But how does one choose acting as a profession anyway? Or does it choose you? I think in almost all the cases I know of where someone has gone on to great success, it is the latter. Even though there are jobs much harder physically and even psychologically than acting, there is still no denying that just being an actor is hard work. Perhaps more so when one is not working, than while on the job. The down time can be brutal. When an actor is unemployed, it's nearly impossible to feed the beast. Yes, there are ways for an actor to keep limber (literally) by way of a class, much the way a dancer must do in order to stay fit and up for the challenge of the next audition or job. But it’s just not the same as the real thing — being challenged by a scene partner on stage in front of an audience who have paid to see the work.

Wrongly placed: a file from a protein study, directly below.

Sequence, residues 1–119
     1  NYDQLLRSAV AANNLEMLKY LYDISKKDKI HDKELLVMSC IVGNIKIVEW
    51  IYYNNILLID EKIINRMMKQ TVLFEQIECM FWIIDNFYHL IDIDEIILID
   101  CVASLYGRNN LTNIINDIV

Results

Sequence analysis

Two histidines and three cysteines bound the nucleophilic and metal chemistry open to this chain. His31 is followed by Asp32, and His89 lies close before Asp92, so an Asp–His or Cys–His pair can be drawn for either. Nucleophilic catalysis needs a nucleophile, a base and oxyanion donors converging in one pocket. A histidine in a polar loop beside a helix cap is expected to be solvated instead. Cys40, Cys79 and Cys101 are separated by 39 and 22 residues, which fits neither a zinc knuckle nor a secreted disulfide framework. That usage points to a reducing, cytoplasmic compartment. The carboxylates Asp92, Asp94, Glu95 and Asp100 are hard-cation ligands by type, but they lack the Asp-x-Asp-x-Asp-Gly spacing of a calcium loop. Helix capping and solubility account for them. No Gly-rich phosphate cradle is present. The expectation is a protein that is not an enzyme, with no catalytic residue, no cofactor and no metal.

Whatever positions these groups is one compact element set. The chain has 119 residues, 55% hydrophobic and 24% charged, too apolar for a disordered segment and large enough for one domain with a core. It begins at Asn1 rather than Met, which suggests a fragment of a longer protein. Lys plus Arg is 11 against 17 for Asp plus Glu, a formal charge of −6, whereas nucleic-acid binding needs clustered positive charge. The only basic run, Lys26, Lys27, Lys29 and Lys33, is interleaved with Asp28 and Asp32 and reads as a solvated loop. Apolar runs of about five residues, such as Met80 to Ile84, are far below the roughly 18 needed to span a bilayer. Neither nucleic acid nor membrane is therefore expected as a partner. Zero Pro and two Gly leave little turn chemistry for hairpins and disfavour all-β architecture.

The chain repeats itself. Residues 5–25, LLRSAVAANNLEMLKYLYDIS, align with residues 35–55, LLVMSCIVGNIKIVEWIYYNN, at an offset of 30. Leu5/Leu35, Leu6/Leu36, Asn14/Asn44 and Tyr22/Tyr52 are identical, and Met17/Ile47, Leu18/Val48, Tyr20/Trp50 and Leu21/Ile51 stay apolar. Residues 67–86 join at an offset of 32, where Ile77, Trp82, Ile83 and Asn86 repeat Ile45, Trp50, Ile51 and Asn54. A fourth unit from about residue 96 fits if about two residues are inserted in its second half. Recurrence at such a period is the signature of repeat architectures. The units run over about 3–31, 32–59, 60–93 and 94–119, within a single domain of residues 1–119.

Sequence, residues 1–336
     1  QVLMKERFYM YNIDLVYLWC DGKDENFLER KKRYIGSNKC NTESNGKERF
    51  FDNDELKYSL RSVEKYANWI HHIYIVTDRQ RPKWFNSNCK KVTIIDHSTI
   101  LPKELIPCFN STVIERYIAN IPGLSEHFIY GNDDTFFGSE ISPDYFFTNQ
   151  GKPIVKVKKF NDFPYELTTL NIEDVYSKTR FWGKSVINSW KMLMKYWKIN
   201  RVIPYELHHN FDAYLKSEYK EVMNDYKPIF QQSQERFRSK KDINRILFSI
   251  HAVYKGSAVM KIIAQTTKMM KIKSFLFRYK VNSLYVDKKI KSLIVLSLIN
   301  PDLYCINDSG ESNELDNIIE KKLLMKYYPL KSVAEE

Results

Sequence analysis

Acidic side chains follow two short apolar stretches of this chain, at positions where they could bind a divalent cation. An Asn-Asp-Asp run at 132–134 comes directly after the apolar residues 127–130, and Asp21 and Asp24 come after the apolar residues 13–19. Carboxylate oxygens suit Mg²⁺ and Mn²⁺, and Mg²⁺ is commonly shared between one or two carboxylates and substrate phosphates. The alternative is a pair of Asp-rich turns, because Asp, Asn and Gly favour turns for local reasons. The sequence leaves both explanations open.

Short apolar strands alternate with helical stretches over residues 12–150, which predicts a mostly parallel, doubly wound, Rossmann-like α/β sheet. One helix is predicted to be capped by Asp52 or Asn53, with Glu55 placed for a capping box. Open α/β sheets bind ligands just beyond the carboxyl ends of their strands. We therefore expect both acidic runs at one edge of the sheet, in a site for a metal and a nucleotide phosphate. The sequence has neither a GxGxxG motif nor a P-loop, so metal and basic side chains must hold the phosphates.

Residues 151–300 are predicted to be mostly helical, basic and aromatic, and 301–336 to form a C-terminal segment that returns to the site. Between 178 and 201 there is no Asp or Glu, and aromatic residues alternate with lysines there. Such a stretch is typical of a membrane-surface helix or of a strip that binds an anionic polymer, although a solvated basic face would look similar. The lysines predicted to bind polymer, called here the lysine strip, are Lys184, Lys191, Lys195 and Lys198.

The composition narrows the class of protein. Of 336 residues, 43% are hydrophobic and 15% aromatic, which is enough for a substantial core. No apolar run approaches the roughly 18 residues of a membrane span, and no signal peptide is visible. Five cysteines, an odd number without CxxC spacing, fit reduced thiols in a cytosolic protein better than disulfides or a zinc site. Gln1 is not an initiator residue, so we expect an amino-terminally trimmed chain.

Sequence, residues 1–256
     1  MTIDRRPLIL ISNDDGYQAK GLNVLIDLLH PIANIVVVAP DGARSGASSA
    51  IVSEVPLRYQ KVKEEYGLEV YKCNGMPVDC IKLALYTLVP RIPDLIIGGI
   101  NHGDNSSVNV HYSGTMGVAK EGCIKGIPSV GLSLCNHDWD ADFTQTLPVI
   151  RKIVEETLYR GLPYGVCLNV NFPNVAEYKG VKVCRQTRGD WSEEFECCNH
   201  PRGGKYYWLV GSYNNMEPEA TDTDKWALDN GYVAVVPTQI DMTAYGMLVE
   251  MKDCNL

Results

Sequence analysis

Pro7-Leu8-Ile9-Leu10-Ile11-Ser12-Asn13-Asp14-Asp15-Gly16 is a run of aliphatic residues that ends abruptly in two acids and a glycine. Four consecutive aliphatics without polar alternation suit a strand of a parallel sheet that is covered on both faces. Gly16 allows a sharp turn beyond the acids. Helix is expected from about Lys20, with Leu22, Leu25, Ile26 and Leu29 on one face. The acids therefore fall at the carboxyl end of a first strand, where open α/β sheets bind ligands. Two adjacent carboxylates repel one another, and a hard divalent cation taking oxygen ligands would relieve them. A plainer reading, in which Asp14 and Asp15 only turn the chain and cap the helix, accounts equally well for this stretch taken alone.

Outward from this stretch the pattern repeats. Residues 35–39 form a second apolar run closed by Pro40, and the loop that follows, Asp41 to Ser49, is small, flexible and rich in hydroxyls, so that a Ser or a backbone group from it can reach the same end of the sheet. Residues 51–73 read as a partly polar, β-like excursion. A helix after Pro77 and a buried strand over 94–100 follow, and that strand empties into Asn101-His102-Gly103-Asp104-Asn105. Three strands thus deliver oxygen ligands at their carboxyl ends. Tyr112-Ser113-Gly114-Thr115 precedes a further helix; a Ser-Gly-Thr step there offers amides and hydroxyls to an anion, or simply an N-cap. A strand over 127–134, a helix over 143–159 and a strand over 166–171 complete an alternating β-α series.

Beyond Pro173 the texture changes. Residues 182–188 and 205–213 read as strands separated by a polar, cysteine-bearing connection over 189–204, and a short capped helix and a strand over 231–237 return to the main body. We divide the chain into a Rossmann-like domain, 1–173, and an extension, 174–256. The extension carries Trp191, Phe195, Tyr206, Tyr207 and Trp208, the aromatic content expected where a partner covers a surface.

Going back to Eli Wallach for the final word, this is a quote that puts some of this in perspective: "In the summer of 1939, I performed in a play where I thought I was a much better actor than I think of myself as being now. I was ego incarnate. These days I know too much about the awesome amount of work that must go into making a part your own to be like that anymore."

Ron Fassler’s Up in the Cheap Seats: a Historical Memoir of Broadway, is now available at Amazon: https://www.amazon.com/Up-Cheap-Seats HistoricalBroadway/dp/0998168629/ref=sr_1_4ie=UTF8&qid=1494611605&sr=8-4&keywords=up+in+the+cheap+seats+book